Don't Miss The Next Wave In Virtualization
By Jay McCall, Business Solutions Magazine
If you’ve held off thus far from selling virtualization solutions, now is a good time to get educated on this huge opportunity — and avoid missing the upcoming opportunities.
Just about every trade show or conference I’ve attended this year has listed virtualization as a key technology VARs and MSPs (managed services providers) should be selling. While many of you may already be offering virtualization on some level — e.g. as a restore option on your BDR (backup and disaster recovery) offering — there are still a vast majority that haven’t yet explored the next level of virtualization and all that it offers your customers and you. I spoke with five industry experts to get their take on the biggest opportunities happening with this technology as well as the pitfalls you’ll need to watch out for.
What are the biggest opportunities in virtualization?
Mike Fouts, senior director of Americas channels and field operations, Citrix: For MSPs, we see the largest opportunities in the small to midsize market, particularly in markets serving customers with fewer than 500 employees. This segment has been an early adopter in the managed services arena, and virtualization solutions are a natural fit for delivering applications and services.
Server virtualization has become a de facto standard in the market segments mentioned earlier. This has created a baseline of understanding and visibility that is driving the expansion of virtualization solutions. VDI (virtual desktop infrastructure) continues to be the hot topic customers want to talk about — the solutions center delivering applications and services to consumer devices, such as smartphones, tablets, and laptops. As a result of customers having the need to support any application on any device, we’re seeing significant opportunities in virtualizing desktops, applications, and entire desktop computing environments.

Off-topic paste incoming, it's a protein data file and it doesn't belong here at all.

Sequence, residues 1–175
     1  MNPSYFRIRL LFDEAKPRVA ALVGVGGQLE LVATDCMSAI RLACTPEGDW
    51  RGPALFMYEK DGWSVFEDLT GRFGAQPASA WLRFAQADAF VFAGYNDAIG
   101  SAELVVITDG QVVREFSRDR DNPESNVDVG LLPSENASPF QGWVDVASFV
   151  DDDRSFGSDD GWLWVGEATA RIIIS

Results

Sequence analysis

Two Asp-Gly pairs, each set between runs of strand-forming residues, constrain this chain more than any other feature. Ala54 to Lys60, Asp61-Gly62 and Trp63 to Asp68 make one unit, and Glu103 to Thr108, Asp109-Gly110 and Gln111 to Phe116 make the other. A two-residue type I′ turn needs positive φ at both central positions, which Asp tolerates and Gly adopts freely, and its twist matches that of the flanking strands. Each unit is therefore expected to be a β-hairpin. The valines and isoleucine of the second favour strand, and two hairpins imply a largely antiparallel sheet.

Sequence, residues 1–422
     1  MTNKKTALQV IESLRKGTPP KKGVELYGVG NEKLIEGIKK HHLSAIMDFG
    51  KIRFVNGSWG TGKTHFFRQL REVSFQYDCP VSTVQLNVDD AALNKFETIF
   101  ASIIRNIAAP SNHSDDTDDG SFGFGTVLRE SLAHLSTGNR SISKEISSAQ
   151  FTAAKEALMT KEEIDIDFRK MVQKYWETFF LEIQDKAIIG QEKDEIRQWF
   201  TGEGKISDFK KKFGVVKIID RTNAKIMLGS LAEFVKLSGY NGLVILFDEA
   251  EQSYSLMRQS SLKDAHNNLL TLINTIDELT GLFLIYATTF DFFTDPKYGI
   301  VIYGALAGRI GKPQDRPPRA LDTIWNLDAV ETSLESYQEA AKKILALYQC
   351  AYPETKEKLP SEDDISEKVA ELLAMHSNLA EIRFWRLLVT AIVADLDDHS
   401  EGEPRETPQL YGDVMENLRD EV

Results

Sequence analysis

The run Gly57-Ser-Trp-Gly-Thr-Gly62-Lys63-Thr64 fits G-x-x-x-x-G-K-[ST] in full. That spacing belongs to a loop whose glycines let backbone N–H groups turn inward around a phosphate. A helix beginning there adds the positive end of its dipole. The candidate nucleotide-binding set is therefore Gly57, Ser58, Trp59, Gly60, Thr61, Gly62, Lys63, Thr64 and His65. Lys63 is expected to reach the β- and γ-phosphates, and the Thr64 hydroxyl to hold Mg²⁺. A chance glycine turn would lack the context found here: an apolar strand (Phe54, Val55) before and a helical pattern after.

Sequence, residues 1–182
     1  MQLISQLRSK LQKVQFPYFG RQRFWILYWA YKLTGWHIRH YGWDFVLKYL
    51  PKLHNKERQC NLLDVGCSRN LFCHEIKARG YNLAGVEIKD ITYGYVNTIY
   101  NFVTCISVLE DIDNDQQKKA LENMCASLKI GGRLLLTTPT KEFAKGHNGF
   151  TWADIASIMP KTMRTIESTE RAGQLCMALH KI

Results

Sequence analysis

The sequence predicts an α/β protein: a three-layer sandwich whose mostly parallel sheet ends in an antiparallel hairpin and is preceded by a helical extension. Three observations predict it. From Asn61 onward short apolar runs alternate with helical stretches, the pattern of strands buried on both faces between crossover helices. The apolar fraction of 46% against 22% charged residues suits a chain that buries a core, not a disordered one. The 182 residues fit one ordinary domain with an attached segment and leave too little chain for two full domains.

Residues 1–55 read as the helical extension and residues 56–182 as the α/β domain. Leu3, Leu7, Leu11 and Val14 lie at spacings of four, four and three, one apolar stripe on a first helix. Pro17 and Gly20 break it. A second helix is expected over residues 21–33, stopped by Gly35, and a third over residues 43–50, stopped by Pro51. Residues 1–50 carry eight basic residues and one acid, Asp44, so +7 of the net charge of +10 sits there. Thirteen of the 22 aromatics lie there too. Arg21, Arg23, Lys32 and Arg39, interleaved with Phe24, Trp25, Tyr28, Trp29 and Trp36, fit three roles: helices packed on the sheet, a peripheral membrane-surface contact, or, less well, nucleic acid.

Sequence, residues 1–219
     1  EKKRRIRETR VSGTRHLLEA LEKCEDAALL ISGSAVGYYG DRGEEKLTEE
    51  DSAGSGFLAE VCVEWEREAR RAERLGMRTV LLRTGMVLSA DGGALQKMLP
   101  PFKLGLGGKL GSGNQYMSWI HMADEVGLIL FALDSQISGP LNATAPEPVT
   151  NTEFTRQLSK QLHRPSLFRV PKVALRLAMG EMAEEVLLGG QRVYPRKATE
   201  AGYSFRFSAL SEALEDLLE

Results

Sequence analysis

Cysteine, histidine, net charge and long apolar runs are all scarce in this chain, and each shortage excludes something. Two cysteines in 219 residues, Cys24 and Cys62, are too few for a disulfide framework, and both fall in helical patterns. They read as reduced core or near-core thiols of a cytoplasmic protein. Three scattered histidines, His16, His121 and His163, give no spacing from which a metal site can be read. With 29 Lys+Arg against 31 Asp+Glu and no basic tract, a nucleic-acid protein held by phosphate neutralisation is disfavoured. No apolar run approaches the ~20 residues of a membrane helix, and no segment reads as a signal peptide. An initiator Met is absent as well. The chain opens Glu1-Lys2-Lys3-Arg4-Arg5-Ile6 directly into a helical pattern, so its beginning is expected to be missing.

David Vella, CEO, Altaro: Windows Server 2012 is an important component to virtualization opportunities for VARs and MSPs. The new Windows Server 2012 Hyper-V will be driving up virtualization adoption within the SMB space. This is mostly due to the increased functionality in Windows Server 2012 Hyper-V, ease of use, simplified pricing, and the fact that because it is based on familiar Microsoft technology, it is an easier transition for IT administrators to gain knowledge on how to configure and manage Hyper-V.
Bill Botti, North American VP of sales, Veeam: The initial wave of virtualization is largely over. Enterprise IT and SMBs have virtualized the easy applications, which brought them to 30% to 50% virtualization in the data center, helping them achieve a more nimble approach to application deployment and consolidate their server farms. In search of even greater benefits, a second wave is now under way in which organizations are pushing virtualization further, aiming to virtualize 70%, 80%, even 100% of the data center and putting more mission-critical applications into the virtual environment.
VARs can perform a tremendous service to their customers by helping them understand the necessity for virtualization-specific management and data protection solutions. These products not only perform to expectations, but also can deliver new functionality that was previously not affordable or, in many cases, not even possible in a traditional environment.
What are the biggest pitfalls that VARs and MSPs need to avoid?
Frank Rauch, VP of North America partners, VMware: If all you are selling is a product and a means to use it, you’ve only delivered part of a solution. Virtualization is not a solution in and of itself; it addresses many real concerns of the C-level team:
- reducing power consumption, real estate costs, and management costs
- rationalizing hardware costs